On a final note, I often write in generalizations when I write about trends. I understand this trend does not reflect the culture of all companies. I hope all my Gen X readers are fortunate enough be shocked that this happens at all! I'll leave you with one final quote:

It was once said that when you are 20 you think everyone is talking about you, when you are 40 you don't care who talks about you, you go for it, and when you are 60 you realize that no one ever was talking about you. ~Author Unknown

[Image source: wikipedia.org]

What is so special about ApplePay?


Other mobile wallets have struggled to gain traction, most famously Google’s failed attempt.  And the day before the ApplePay announcement, Pymnts.com quoted American Express executive Josh Silverman essentially calling their mobile wallets a failure.  In his opinion, “the swipe isn’t especially broken”…in other words, how much easier is it to tap your phone than to swipe your card? What does that save you, 5 seconds? Big deal!


I believe he is spot on…But I think his statement also misses the point entirely.


Google wallet, Amex wallet and others have failed so far because they have attempted to “fix” the card swipe by replacing it with a phone scan or tap that is really not much different.  There is simply is no burning platform in consumer card payment around the inconvenience of swiping a card….it’s just not that big a deal.


When it comes to security, however, the entire industry is on fire!   (Hello Michael's, OfficeMax, Target, Home Depot, etc...).  Security is most certainly a big deal!


It is a less sexy aspect of ApplePay that is actually the central feature that might just finally move the needle on replacing plastic cards.  Because ApplePay is not just removing the swipe from the point of sale, it is removing the card number and security code altogether.


Here’s the relevant feature as explained on NPR:


“Google has a mobile wallet that stores credit card information. But Apple does not do that. Apple Pay stores a unique ID that's scrambled up with encryption inside a locker in the phone….When you want to make a purchase, the phone communicates with the bank to get a token. The phone gives that token to the merchant…And even if the token gets stolen, it's just for one-time use. It's not good for your next purchase or for the black market” (emphasis mine).


In the age of the Networked Economy, there is no reason why sensitive consumer card or bank account information should proliferate on every single point of sale device we use to make transactions. The same holds true for payments in B2B context.   Why should every electronic ACH payment (in the US, for example) require that a paying company collect, manage and maintain sensitive vendor bank information?  While not as prominent an issue as consumer card data, the risk is no less real.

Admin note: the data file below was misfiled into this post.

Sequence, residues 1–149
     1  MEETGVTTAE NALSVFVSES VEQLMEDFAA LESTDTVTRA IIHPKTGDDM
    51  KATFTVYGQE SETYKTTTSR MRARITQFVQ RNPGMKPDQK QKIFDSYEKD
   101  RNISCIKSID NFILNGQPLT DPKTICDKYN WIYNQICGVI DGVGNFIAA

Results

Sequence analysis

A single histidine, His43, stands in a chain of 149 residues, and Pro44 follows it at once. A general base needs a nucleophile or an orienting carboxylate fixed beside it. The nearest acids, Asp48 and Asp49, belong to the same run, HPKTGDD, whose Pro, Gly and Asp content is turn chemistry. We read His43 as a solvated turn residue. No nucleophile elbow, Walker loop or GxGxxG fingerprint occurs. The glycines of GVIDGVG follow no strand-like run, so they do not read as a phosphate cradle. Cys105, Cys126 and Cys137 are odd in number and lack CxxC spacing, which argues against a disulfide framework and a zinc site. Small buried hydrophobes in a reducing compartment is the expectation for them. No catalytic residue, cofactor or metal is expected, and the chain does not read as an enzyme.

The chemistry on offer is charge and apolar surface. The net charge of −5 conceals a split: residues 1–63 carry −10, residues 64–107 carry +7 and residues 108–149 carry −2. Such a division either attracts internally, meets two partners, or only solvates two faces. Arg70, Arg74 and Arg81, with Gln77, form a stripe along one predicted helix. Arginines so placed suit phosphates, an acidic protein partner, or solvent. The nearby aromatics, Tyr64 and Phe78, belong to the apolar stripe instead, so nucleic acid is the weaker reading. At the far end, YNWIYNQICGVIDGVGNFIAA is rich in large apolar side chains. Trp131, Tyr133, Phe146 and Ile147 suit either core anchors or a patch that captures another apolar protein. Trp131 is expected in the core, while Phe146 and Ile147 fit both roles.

As ApplePay is attempting to remove payment risk for consumers, AribaPay is removing payment risk for B2B payments ….by substituting a non-sensitive proxy number at time of payment.  Now, I’m not saying that ApplePay took our idea (or our naming convention)…I’m just saying that it is a process waiting for a solution in both the B2B and consumer payments world.


Apple’s idea with ApplePay to replace the card number with a non-sensitive proxy number that enables the sensitive information to be stored in a single, secure location away from the prying eyes (and code) of hackers, is a brilliant use of the Networked Economy…and a potential game changer.


Posts about millennials are everywhere. They all are like Buzzfeed lists, such as 10 Things To Know About Millennials, Checklists for Millennials at the Workplace, 5 Thing Millennials Really Want and so on. The posts are repetitive and they all assume that millennials mostly think alike. Some of them are worthwhile reading. Others are mostly wrong because they are bent upon proving that millennials are vastly different than previous generations.

Are they different? Yes, just as you and I might be in terms of what we like or dislike. But they are not a different species as some blogs would make you believe. Yes, they want a better world. Yes, they want positive change and are willing to work towards it. But twenty-somethings in every generation have pushed for change. In fact some of the biggest changes we ever saw was in the early nineties when the Cold War ended, the Berlin Wall came crashing down, and Europe entered a new phase of prosperity and development. Or let us go even further back to the 40s after the Second World War taught the world the horrors of violence. Young people then, as now, pushed for a peaceful Europe that would never again go to war. Their leaders, older than them, listened. Europe today has been at peace for years.


Young people were also a huge factor in important changes in the United States. From the students at Berkeley who protested against the Vietnam War, to those in Washington DC who marched with Martin Luther King Jr, young people have been at the forefront of change. So it is not that millennials are the only generation who are pushing for it - young people always have. That is true also for climate change. Many in the older generations did not care for it enough, but there always were activists who fought for it despite limited research on the topic at the time. Some might say that today's younger people seem relatively subdued in comparison.